Lynx adjusting to life without injured rookie Jessica Shepard at power forward

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MINNEAPOLIS -- As the Minnesota Lynx wrapped up Monday’s practice at Mayo Clinic Square, rookie Jessica Shepard was in the middle of the team huddle, leaning on a pair of crutches.

If that was any indication, Shepard is still very much a part of the team. She’s just going to have to get used to a different role after tearing the anterior cruciate ligament in her right knee in Saturday’s loss to the Los Angeles Sparks at Target Center.

“You hate to see something like that that happen,” coach Cheryl Reeve said. “There’s nothing we can say to make it better. We just have to provide her with all the support we can.”

A second-round pick out of Notre Dame in this year’s draft, Shepard showed promise early in her rookie season. She had emerged as a key contributor as a power forward off the bench, using her shooting ability to stretch the floor and her passing ability to keep opposing teams honest. She was averaging 4.8 points, 5.7 rebounds and 3.5 assists a game.

Shepard has already dealt with this type of injury. She tore the ACL in her left knee late in her high school career and still carved out an illustrious college career.


“It doesn’t mean it’s going to go exactly the same,” Reeve said. “It just helps that at least she knows what she’s in for and how hard she has to work.”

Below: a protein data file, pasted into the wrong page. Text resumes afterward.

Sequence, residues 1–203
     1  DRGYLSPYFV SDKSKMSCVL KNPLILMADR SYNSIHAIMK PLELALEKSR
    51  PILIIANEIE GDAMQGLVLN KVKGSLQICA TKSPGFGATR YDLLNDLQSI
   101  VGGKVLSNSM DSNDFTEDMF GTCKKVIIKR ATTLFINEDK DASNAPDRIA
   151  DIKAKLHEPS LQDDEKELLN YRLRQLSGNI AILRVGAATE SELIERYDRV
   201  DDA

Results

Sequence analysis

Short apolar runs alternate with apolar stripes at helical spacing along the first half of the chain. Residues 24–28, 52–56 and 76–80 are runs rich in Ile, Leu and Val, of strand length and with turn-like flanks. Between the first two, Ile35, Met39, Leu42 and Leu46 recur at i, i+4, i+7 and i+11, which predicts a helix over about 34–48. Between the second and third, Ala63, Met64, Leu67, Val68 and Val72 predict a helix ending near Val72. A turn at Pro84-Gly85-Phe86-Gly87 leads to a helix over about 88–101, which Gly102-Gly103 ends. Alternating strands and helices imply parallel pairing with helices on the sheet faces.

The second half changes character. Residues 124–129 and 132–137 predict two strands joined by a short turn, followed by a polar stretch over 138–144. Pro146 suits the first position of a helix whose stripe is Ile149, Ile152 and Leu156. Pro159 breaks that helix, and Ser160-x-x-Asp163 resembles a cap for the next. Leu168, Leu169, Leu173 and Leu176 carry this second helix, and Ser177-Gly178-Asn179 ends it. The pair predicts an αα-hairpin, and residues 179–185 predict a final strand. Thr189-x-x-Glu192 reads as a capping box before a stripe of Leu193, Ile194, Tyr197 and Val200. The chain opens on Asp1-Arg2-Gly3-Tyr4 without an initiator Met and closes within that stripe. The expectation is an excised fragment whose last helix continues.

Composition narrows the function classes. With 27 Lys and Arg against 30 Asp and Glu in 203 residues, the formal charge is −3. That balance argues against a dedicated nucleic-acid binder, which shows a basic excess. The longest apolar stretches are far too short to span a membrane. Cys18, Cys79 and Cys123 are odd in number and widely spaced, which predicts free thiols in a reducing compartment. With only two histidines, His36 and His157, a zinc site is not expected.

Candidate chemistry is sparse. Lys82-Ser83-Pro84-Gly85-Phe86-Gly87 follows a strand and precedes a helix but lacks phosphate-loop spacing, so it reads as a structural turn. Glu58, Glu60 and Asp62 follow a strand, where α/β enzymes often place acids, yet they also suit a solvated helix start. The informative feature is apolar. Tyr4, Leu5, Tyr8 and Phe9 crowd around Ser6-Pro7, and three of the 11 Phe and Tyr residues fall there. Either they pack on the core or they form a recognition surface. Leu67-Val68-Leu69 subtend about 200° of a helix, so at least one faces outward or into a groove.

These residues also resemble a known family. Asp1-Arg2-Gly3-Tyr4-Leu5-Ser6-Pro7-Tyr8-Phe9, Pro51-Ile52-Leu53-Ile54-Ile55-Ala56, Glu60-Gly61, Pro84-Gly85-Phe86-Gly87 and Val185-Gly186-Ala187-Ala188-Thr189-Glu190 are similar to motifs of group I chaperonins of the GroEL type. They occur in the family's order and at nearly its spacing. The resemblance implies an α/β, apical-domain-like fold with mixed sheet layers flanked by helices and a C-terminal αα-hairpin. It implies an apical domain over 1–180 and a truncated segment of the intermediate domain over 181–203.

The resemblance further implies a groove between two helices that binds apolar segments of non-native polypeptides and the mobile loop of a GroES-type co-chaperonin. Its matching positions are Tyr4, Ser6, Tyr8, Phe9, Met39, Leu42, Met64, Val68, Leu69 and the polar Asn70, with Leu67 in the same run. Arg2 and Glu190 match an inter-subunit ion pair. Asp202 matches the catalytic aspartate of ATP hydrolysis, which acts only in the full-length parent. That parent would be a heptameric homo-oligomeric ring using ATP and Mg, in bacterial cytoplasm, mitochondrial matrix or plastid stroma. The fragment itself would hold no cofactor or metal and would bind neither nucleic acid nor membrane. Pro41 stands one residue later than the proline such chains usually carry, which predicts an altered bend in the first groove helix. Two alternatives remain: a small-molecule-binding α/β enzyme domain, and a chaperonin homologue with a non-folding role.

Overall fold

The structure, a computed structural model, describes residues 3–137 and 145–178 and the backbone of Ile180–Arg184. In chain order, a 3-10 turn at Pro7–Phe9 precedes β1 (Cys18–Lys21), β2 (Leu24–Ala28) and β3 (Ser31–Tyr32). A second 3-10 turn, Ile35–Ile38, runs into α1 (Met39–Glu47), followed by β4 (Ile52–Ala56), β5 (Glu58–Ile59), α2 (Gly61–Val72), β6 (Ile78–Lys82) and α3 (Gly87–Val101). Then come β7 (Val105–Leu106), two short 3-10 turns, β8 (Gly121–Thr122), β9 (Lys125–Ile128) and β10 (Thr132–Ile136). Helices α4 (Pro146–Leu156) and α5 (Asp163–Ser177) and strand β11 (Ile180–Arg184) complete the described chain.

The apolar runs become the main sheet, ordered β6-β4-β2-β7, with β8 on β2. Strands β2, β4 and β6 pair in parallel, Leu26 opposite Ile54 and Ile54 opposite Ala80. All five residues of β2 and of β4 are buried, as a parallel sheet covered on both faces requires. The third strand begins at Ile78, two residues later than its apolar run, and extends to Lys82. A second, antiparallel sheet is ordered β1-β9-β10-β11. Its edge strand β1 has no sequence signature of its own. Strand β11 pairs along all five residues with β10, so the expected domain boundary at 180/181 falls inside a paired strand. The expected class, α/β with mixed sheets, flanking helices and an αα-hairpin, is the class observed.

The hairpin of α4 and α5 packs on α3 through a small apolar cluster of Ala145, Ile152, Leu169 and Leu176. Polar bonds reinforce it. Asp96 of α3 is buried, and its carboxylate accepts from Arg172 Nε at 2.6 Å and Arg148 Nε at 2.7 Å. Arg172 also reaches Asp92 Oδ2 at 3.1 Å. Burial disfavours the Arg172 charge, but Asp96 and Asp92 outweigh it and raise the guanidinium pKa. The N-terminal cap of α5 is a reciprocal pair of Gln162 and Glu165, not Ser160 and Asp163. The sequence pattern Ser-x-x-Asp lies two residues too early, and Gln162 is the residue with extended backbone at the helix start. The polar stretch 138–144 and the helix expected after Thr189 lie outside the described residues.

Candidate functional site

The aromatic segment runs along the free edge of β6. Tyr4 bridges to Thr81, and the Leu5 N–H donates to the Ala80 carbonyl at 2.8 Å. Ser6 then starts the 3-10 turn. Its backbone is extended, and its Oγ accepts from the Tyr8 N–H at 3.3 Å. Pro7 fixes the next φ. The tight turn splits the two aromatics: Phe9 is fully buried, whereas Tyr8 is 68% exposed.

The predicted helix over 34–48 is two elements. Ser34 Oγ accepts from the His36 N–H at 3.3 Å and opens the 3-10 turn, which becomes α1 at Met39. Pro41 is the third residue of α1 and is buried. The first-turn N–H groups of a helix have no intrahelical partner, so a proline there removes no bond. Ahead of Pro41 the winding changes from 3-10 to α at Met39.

In her absence, fellow rookie Napheesa Collier has been thrust into additional playing time at power forward. A first-round pick out of UConn, Collier had spent most of her time playing small forward for the Lynx.

“She thought it was just like an occasional sub (at power forward) at first,” Reeve said. “It was like, ‘No. You’re like the third post player now. You’ve got to get in there.’ There’s a lot to learn, and she’s going to learn fast. I mean, she came from UConn, right?”

Collier played power forward in college under legendary coach Geno Auriemma. That gives her some baseline knowledge of the position, even though the attention to detail is increased at the next level.

“It’s not a lot different,” Collier said. “Just some of the things we look for are a little different. You just have to be cognizant of that. I’m just trying to pick up on that as quickly as possible. I played a little bit of it in training camp, so I just need to get re-acclimated to it.”

And if Collier has questions, she knows she can lean on Shepard for answers.

“She can help a lot with that,” Collier said. “Even before she got hurt, I would ask her for help. If I need anything moving forward, I know I can go to her.”

As for Shepard, the plan is for her to have surgery in about 10 days, once the swelling goes down. Then it will be straight to rehab.


“We know she’s going to work hard,” Reeve said. “We are also going to use it as a time to improve her shot, so the next time everyone sees her she should be well-oiled machine.”

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